On Sunday, I saw in person what I’ve been listening to on the internet and seeing on social media all season long: the Bucs are a bad team. On Buccaneer Bri’s annual trip to Ray-Jay, the Bucs lost to the Lions, 24-21, on a field goal in the closing seconds. But honestly, it shouldn’t have even been that close.
I saw with my own two eyes all of the reasons the Buccaneers are now 4-9. They had five turnovers. The tackling was terrible. They have no pass rush. None. They never laid a finger on Matthew Stafford. Heck, by my unofficial count, they only chased after him once….in the entire game…and that one play ended with a roughing the passer penalty. The play-calling was questionable at times, as was the use of timeouts at the end of the game.
And yet, there they were, rallying from a 14-point deficit in the fourth quarter to tie the game.
Do you think Mike Smith’s defense could do the job from there? (insert sarcastic laugh here.)
Instead of me rambling on about how Dirk Koetter and Mike Smith are doomed after the season, I will dedicate the rest of this article to my personal Ray-Jay experience, since I only get down there once a year.
It was chilly. No, really. I brought my jacket and wore jeans, and I needed both. The two ladies who came to the game with me were shivering as well as the game went on. This was, by far, the coldest game I’ve ever been to in Tampa. But it beat the snow that fell back home while I was gone.
I know Tampa always draws a lot of visiting team’s fans. But geez, did the entire state of Michigan fly in for this game? It felt like there were as many Lions’ fans there as Bucs’ fans. Detroit fans deserve praise for traveling en masse to support their team. But it’s depressing for Tampa Bay fans like me, and ownership needs to do something to change that.
This was also my first time sitting in the upper deck. I don’t think I will do it again, and it had nothing to do with how far away I was from the action. There was absolutely no vibe upstairs. It was like being in a library for much of the game. I didn’t feel like I was part of the festivities at all. Oh well, I chose to sit upstairs because the area where I usually sit was just too expensive. From now on, I think I will just spend the extra bucks and go back down to the lower bowl.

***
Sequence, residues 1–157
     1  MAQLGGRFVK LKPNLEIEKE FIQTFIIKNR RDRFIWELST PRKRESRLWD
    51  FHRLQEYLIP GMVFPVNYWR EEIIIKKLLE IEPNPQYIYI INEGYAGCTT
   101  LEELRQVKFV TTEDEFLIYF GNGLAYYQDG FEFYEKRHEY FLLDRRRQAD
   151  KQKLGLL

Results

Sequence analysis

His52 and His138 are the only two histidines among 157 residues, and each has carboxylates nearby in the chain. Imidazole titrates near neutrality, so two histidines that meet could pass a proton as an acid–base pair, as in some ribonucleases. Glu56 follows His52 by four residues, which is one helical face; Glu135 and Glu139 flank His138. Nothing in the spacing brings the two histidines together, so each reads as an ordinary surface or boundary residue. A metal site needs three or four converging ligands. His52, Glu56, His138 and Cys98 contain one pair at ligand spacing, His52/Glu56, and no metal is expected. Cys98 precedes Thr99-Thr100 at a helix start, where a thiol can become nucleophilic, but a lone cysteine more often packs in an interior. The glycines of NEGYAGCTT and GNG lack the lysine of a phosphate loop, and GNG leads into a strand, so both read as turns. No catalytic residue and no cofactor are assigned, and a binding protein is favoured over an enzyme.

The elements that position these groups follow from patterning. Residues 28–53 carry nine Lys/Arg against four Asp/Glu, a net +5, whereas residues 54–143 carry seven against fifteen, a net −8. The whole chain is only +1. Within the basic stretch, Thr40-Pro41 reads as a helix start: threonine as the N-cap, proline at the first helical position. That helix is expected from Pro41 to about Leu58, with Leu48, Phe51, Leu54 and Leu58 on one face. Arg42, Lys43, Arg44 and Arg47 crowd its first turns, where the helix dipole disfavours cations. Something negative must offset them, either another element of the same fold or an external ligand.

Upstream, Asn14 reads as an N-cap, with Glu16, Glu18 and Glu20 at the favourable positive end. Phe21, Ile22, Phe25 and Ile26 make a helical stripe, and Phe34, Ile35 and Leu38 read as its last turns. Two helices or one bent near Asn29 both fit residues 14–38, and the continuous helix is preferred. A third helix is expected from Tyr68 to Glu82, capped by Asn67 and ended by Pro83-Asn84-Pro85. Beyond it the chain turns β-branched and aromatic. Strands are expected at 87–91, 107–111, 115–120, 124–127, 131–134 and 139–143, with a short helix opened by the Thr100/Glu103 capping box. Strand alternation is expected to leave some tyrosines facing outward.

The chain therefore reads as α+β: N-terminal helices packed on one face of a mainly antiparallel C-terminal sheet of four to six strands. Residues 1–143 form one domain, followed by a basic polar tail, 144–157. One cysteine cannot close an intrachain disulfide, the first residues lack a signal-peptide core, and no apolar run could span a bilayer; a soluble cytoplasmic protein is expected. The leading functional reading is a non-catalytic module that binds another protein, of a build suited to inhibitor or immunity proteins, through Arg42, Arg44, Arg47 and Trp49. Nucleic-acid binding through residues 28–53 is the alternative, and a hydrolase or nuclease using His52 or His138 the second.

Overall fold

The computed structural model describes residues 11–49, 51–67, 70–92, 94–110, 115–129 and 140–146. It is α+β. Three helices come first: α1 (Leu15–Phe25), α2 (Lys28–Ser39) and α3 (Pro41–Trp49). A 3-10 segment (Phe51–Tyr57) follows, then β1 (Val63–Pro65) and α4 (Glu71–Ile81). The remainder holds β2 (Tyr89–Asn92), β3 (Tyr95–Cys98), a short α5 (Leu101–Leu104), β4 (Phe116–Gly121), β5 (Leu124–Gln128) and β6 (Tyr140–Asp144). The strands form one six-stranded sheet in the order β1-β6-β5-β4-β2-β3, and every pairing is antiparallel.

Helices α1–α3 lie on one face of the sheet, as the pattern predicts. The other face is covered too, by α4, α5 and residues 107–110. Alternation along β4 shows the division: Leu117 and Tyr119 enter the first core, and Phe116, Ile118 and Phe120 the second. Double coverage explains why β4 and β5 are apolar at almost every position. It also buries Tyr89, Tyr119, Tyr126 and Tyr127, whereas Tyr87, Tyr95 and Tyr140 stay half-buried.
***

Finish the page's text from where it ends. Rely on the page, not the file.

There was a nice couple from Detroit sitting behind us. They left before halftime, after Stafford threw his second pick. The guy said, “same old Lions!” I overheard the lady he was with talk about going to the movies. I hope they made it in time, if that’s in fact where they ended up. For all I know, they may just have been sick of me yelling and trying to the enjoy the game in a morgue-like atmosphere, and they have just moved to another section. Where they ended up is a question I will likely never know the answer to.
So, there you have it, ladies and gentlemen. The Bucs have three more games left – all of them against division opponents – and in case you haven’t noticed, the rest of the division is really, really good. I can easily see the Bucs finishing 4-12. They’re on Monday Night Football next week against Atlanta. Jon Gruden will be calling the game, then he’ll be honored at halftime. If the ceremony is streamed live someplace, that may very well be the best part of the night.
Photo Courtesy: Me
I’m getting sick and tired of writing about the same old problems with this team every time they lose.
The offense can’t score early in the game. The defense can’t stop anybody from scoring. The play-calling leaves a lot to be desired. And after this latest loss to Atlanta, the Bucs are now further cemented in the cellar of the NFC South at 4-7.
Let’s start with Mike Smith’s pathetic defense – you know, the one that allowed at least 30 points for the fifth time this season. Look: Julio Jones is a great wide receiver – one of the best in the game. But how do you let a guy like that torch you for over 250 yards? You’d think it’d be worth double-covering him every now and then, even if it means man-to-man coverage on another receiver like Mohammed Sanu. You have to make someone other than Jones beat you, and Smith didn’t give that scenario a chance to play out.